“My plan B was to become a physiotherapist but I knew that choosing a BBA (bachelor’s in business administration) course would give me more time and opportunity to play university football. Once I started playing for SN College, Kannur, I got picked for the Kerala Santosh Trophy team (2017) and then I was spotted by Kerala Blasters scouts and given a reserve team contract for three years," Samad says, maintaining that he knows he’s a good player but doesn’t let that feeling go to his head. “It was shocking to get the call from Blasters, and for someone who is shy, like me, I don’t know what to do with all the attention after my India debut. It feels awkward."
“The biggest challenge was giving up burgers, pizzas, chips and soft drinks. It wasn’t a difficult choice, but it was the one lifestyle adjustment I had to make as I moved into professional football, because I had never experienced that sort of level before," he adds.
Samad says he never went to a gym before joining Kerala for the Santosh Trophy, for which the state team usually has a two-month preparatory camp. However, his fitness habits had to change if he was to make it as a professional footballer.
“We had a diet designed for him during the Santosh Trophy camps because he was slightly overweight," says V.P. Shaji, who picked Samad for the Kerala club. Shaji, an Aiff B-licence level coach, and in charge of the State Bank of India football team in Thiruvananthapuram, says: “He came in late for the open trials but he had a remarkable first touch and ability to find gaps for passes. That year, the Santosh Trophy rule was to have three U-21 players in the starting eleven and I decided to deploy him in midfield because we already had Jobby Justin up front." Jobby went on to have a breakthrough season for East Bengal in the I-League, while Samad did the same in the simultaneously running Indian Super League.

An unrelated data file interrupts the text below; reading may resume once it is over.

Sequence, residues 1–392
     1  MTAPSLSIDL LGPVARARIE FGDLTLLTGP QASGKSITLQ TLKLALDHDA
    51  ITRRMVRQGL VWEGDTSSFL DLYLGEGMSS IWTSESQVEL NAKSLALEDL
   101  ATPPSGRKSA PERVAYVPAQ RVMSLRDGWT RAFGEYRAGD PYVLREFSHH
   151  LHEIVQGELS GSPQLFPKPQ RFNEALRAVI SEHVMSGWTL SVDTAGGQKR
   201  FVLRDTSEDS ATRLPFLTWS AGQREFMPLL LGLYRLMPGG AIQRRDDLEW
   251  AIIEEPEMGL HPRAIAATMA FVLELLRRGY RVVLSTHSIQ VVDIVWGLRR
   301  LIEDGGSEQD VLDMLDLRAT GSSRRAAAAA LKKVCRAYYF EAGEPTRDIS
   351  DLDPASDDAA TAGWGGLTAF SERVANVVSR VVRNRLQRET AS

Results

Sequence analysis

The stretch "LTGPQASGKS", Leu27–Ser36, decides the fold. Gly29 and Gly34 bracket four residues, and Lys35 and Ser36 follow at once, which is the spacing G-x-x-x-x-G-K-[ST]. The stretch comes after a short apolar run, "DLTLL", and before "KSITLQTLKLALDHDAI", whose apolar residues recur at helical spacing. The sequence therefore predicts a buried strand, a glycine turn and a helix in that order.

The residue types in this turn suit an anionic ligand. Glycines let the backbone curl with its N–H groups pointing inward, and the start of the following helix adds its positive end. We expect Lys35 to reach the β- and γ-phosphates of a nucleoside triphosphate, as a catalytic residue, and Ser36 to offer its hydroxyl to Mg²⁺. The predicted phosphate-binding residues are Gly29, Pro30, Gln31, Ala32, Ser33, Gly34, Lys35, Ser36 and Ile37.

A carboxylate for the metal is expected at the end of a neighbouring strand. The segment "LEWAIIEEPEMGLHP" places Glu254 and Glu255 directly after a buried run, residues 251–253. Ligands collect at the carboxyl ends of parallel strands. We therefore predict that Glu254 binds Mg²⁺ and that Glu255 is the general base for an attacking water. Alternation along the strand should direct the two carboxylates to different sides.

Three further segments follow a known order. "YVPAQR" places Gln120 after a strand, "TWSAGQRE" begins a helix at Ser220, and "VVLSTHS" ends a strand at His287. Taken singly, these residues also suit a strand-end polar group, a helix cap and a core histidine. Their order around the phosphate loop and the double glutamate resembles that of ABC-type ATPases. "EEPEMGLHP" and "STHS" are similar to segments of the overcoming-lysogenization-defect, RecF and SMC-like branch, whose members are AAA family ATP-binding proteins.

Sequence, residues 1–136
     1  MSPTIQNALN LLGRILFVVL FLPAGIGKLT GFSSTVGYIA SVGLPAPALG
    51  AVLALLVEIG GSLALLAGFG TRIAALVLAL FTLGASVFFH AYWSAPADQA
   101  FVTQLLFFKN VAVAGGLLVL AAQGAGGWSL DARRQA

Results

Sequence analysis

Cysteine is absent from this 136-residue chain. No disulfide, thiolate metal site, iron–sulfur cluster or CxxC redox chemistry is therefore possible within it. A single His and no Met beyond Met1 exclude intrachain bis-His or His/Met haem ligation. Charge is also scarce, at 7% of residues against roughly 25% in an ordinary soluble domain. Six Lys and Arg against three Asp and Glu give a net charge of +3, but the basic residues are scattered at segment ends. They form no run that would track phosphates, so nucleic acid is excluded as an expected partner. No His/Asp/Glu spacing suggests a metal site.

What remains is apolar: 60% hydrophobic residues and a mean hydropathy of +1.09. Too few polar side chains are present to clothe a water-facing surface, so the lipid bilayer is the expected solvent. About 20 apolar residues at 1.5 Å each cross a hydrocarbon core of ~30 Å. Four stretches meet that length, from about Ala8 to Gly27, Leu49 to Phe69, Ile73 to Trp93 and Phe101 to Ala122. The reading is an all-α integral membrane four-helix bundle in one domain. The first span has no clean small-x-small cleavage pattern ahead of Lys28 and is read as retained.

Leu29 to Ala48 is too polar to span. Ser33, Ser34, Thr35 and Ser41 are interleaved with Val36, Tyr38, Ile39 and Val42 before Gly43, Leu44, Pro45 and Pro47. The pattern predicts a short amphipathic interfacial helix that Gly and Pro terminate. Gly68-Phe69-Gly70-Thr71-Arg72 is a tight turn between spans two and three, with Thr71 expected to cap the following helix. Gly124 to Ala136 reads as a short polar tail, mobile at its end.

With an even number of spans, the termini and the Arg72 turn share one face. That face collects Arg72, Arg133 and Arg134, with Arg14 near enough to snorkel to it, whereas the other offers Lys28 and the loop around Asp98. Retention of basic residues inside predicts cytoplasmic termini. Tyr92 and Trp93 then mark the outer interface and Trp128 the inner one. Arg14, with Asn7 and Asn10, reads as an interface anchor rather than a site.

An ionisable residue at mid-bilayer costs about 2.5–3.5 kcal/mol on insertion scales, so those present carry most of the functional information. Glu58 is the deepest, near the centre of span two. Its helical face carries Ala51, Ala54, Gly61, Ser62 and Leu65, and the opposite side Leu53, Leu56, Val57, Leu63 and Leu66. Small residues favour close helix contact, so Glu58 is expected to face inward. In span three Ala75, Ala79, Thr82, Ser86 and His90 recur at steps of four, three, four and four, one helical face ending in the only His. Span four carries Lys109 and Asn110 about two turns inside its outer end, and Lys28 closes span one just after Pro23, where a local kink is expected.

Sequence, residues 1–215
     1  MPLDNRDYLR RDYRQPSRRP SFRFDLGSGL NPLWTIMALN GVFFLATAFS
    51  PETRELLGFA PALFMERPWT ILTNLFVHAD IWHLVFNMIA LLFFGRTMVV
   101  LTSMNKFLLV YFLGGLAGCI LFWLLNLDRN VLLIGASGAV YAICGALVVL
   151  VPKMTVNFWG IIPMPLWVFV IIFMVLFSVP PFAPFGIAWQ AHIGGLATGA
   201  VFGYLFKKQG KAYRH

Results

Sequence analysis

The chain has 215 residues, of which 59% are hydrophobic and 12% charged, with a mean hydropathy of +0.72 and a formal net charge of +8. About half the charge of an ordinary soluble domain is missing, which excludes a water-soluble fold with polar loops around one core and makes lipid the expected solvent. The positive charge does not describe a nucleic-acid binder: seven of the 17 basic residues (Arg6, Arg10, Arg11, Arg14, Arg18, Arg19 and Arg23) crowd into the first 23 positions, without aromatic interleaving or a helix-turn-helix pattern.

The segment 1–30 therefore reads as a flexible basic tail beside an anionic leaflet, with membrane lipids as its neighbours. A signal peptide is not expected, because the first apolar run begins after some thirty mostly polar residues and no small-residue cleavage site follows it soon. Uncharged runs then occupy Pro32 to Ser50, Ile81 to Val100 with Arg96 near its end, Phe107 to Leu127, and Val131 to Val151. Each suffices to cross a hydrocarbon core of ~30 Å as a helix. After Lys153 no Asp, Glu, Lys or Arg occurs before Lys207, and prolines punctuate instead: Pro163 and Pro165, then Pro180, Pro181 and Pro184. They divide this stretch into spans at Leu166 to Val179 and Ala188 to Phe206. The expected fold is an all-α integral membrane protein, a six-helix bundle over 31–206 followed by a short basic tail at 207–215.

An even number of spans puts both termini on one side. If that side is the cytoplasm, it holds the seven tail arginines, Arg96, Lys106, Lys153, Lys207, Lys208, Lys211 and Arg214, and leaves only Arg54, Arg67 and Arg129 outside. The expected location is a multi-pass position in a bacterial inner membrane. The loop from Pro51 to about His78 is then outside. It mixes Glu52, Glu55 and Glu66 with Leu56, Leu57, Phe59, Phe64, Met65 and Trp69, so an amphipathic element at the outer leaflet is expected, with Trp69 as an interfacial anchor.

He played 17 times for the Kerala Blasters, ending the season as their second best passer and the brightest spot in an otherwise forgettable season in which they finished ninth with just two wins, seven draws and nine defeats. Samad was also their best tackler in midfield, and boasted of 688 touches over the course of the season, often carrying the weight of a disjointed team.
“When I saw him in the first season, I wasn’t too impressed. His eating habits were all over the place and he would hold on to the ball too often. He has to add more to his repertoire as a midfielder but in his second season at the Blasters, I was taken aback with the change in his attitude. He was fit, raring to go, and more disciplined. As a centre-back, it is comforting to have him ahead of me because even if I play a difficult ball to him with two men closing him down, I know he will squeeze out of that situation. India has produced some brilliant midfield destroyers but Samad has something special about him and can go a long way if he manages to keep working hard," says Sandesh Jhingan, centre-back for India and Kerala Blasters, who has observed Samad closely while playing together for club and country.
Samad’s journey may seem easy, but that is because of his talent and attitude, coupled with a national team coach who encourages players to pass the ball across the ground with attacking intent. Kerala Blasters’ new Dutch coach, Eelco Schattorie, also prefers a system in which players such as Samad are encouraged to express themselves.
“When I see youngsters who want to play passing football getting a chance in the national team and club football, it gives me great encouragement. I am confident on the ball, even though I sometimes fall into the trap of overplaying it because I love dribbling, but it comes naturally to me and I have started picking and choosing the moments to use my skill," Samad says. While his greatest quality may be pulling off what most Indian midfielders can’t, Samad’s greatest strength could also be knowing what he cannot do.
Samad is the modern prototype of an attacking midfielder—smooth, skilful, creative, ready to throw himself into tackles to help defenders. India can only hope that what can be a glittering career will inspire many to kick-start theirs in modern football. “I don’t try to do things that I don’t know," he says.
Pulasta Dhar is a football commentator and writer.